Picks and Pans Review: The "slap" Maxwell Story
updated 09/28/1987 AT 01:00 AM EDT
•originally published 09/28/1987 AT 01:00 AM EDT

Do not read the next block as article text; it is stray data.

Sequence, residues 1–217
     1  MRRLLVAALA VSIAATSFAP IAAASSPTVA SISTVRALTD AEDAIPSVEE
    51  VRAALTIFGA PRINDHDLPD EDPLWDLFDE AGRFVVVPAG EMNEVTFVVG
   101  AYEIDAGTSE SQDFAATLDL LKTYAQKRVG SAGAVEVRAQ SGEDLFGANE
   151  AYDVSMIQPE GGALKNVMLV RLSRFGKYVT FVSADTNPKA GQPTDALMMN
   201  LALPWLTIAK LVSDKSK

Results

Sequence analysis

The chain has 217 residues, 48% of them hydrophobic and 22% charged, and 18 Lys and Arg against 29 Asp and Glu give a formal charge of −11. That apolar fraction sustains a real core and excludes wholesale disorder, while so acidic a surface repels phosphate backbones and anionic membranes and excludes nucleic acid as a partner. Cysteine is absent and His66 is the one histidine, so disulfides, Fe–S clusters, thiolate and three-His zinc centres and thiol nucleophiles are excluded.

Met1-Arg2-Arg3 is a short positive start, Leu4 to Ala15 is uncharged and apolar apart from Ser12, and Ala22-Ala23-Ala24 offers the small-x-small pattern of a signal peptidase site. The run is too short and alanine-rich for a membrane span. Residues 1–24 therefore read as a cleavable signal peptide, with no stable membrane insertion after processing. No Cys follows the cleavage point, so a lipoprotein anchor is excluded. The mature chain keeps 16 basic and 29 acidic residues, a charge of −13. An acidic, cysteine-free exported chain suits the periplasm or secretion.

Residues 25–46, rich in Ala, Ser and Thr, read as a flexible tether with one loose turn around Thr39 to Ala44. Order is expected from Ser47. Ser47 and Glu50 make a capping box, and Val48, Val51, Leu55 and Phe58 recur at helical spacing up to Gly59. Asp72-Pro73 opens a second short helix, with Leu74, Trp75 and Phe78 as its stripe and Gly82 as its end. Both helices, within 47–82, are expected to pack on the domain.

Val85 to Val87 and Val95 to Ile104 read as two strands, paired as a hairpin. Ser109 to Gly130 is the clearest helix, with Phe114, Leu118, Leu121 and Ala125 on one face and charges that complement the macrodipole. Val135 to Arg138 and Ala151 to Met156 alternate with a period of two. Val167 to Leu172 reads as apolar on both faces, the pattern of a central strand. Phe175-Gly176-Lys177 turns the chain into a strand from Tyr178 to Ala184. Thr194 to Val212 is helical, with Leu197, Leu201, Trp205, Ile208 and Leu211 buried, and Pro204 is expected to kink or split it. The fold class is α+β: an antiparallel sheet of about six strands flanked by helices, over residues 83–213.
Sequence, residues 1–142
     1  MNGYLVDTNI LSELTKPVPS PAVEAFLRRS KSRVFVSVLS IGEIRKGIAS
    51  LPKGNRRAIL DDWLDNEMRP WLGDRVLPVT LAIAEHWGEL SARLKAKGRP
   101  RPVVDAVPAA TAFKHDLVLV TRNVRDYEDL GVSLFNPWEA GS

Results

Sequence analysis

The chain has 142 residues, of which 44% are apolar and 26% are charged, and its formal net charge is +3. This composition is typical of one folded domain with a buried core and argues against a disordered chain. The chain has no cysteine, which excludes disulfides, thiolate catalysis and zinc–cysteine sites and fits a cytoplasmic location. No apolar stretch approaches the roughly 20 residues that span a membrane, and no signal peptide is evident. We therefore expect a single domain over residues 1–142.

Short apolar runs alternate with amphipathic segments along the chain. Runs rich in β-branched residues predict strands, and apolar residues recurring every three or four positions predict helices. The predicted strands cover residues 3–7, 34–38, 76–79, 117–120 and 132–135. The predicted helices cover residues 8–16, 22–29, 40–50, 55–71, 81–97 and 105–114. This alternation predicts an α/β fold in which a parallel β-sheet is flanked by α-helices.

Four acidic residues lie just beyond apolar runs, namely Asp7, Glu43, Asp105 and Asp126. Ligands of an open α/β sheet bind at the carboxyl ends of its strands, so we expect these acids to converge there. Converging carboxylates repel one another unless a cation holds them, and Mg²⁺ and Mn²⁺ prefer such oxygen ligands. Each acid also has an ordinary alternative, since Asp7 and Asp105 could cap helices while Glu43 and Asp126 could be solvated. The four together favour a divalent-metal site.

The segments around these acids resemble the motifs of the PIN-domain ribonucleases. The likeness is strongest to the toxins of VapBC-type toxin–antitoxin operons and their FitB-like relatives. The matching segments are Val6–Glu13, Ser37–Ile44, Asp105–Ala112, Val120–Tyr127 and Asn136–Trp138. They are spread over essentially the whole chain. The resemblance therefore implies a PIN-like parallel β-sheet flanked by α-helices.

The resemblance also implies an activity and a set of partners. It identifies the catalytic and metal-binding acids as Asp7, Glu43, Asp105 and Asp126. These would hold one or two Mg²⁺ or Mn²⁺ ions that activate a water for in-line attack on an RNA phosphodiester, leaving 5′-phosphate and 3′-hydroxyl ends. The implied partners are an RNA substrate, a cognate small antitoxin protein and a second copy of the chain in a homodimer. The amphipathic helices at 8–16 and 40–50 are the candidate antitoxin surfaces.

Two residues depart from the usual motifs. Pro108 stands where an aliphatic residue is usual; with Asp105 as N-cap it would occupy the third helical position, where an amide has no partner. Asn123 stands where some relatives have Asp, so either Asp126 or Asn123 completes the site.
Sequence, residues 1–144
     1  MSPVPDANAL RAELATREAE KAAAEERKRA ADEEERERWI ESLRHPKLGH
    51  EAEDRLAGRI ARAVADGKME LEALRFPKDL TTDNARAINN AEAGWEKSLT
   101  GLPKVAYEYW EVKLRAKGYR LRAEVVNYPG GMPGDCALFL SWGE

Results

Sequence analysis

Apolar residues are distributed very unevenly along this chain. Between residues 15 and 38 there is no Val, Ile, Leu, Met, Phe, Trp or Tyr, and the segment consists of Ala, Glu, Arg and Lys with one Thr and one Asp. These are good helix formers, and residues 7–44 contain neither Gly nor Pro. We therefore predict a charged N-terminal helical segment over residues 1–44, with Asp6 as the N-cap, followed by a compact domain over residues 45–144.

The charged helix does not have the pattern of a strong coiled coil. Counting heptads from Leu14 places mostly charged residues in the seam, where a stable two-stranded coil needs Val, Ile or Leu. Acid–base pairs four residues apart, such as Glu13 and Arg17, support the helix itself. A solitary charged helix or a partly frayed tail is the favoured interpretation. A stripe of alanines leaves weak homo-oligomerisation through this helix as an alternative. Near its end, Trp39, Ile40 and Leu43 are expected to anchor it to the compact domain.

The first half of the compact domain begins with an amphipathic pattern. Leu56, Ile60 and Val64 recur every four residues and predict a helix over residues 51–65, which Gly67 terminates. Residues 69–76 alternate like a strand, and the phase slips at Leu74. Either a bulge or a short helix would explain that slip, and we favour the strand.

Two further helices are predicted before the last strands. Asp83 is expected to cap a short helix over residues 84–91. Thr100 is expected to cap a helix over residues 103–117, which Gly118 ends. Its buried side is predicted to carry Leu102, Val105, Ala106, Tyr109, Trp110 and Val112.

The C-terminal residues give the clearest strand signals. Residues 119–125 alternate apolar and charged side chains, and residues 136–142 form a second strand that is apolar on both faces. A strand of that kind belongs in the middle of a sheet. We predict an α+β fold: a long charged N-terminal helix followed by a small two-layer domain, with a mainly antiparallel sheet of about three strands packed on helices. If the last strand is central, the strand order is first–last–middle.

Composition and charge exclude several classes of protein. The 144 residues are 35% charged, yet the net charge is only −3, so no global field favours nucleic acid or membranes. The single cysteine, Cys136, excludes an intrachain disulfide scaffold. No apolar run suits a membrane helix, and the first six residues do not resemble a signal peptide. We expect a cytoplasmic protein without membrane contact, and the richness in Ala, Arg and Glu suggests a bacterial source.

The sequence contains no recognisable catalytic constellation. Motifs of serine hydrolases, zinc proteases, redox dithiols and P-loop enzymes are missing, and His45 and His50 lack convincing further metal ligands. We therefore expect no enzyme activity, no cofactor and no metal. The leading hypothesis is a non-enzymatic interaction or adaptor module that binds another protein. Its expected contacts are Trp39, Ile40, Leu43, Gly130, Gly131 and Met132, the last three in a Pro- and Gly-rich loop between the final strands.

What producer Jay Tarses did to women in Molly Dodd—presenting them as sorrowful, pathetic souls plagued by bad judgment in love and life—he now does to the rest of mankind in Slap Maxwell, where men are grungy, sour has-beens. Dabney (Buffalo Bill) Coleman is an ink-stained wretch of a sportswriter who gets fired by his newspaper in the first show. Coleman and the cast are as good as they can be, but they're forever being upstaged by the scriptwriters, who beg for attention, who demand that you see how clever they are. "We really do come up with some snappy repartee, don't we? Kinda hip 'n' sassy," the writers have Coleman say. "Yet fraught with underlying meaning," they have a buddy add. Author! Author! Slap, Molly and Hooperman share a shortcoming: They're not funny. All the sitcoms I love—Cosby, Family Ties, Newhart, Cheers, Kate & Allie, Perfect Strangers, Golden Girls—make me laugh. That's what sitcoms are for. But these three shows seem ashamed of laughter; they substitute pathos for punch lines and think that's classy. No, that's snobbery. Sitcoms can be thoughtful, like M*A*S*H, or different, like Garry Shandling, and still make you laugh. But if they try too hard to be artsy, then they're just laughable.